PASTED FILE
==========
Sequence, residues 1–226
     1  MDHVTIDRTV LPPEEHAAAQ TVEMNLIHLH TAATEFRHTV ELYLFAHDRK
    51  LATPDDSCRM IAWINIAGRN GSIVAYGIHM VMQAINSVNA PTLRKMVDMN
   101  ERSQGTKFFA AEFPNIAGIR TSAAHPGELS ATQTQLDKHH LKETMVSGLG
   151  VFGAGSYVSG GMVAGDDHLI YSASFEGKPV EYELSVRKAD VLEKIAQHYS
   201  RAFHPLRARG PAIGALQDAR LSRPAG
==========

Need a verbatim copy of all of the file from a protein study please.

Sequence, residues 1–226
     1  MDHVTIDRTV LPPEEHAAAQ TVEMNLIHLH TAATEFRHTV ELYLFAHDRK
    51  LATPDDSCRM IAWINIAGRN GSIVAYGIHM VMQAINSVNA PTLRKMVDMN
   101  ERSQGTKFFA AEFPNIAGIR TSAAHPGELS ATQTQLDKHH LKETMVSGLG
   151  VFGAGSYVSG GMVAGDDHLI YSASFEGKPV EYELSVRKAD VLEKIAQHYS
   201  RAFHPLRARG PAIGALQDAR LSRPAG